Vanity Fair (Review)

Labels: Great Works

great-works-4

Vanity Fair
William Makepeace Thackeray, 1848
912 pp.

Book Review by Molly Lundquist
May 2009

Becky Sharpe is the heroine you love to hate. She so dominates this novel—like Satan in Paradise Lost—that Thackeray must have been, as William Blake said about Milton, of the "devil's party and didn't know it." His Becky is mesmerizingly awful!

Yet maybe she isn't. Placed in the early 1800's, in a cultural mileau that values only lineage and wealth, Becky Sharpe has neither. And so she makes use of the only assets in her possession—beauty, intelligence, and a sturdy will—to gain entry into the good life. If people are foolish enough to be taken in ... then so be it.

If you love Jane Austen with her keen social eye and devastating wit, you'll love Thackeray. He lampoons it all—the hollow pomp, the self-regard, hypocrisy, and false morality. Here's a lovely sample:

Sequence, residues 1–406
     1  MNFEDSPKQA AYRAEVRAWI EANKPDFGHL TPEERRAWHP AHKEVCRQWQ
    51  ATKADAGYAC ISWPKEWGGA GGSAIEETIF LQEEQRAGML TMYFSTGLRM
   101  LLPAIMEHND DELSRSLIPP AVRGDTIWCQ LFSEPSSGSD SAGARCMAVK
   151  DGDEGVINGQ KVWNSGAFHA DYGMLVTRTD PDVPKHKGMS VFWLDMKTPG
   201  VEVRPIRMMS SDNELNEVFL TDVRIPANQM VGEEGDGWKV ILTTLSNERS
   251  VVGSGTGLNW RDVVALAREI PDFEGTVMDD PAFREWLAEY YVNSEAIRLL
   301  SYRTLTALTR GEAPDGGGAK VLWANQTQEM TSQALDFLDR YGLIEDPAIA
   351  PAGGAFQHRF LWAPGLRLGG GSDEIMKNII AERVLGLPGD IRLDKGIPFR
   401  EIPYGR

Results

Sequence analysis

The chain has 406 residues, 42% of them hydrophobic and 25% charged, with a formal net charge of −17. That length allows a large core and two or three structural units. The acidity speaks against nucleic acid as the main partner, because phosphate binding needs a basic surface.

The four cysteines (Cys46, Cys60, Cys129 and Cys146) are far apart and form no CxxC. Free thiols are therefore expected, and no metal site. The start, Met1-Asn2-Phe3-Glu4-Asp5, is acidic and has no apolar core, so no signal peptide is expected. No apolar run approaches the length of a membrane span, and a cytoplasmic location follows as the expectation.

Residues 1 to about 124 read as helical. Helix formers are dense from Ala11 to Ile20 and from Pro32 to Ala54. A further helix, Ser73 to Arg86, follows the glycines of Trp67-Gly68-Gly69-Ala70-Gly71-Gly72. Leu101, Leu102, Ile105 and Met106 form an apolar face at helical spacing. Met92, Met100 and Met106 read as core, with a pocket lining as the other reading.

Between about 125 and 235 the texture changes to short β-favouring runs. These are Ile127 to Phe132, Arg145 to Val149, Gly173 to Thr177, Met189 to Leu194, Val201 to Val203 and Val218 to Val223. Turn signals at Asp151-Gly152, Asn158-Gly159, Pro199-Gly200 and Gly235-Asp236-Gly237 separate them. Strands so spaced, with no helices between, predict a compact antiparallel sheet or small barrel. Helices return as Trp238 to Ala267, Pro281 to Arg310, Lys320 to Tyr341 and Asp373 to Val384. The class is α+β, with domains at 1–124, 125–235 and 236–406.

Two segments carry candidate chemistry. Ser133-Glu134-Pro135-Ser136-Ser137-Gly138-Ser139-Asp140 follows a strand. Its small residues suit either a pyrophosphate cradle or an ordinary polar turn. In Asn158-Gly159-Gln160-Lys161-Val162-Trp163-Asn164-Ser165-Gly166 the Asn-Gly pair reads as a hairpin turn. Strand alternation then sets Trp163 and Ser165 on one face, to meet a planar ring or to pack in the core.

My Lord George Gaunt could not only read, but write pretty correctly. He spoke French with considerable fluency; and was on of the finests waltzers in Europe. With these talents...there was little doubt that his lordhip would rise to the highest dignities in his profession.

Even Amelia Sedley, Becky's angelic opposite, remains stubbornly deluded in her love for the wrong man and blind to the only man who offers her selfless devotion. And all is played out against the backdrop of the Napoleonic wars, whose skirmishes on the battle field mirror those on the domestic front.

Ah, vanity of vanities. It's great fun! Long...but fun.

See our Reading Guide for Vanity Fair.

Site by BOOM Boom Supercreative

LitLovers © 2014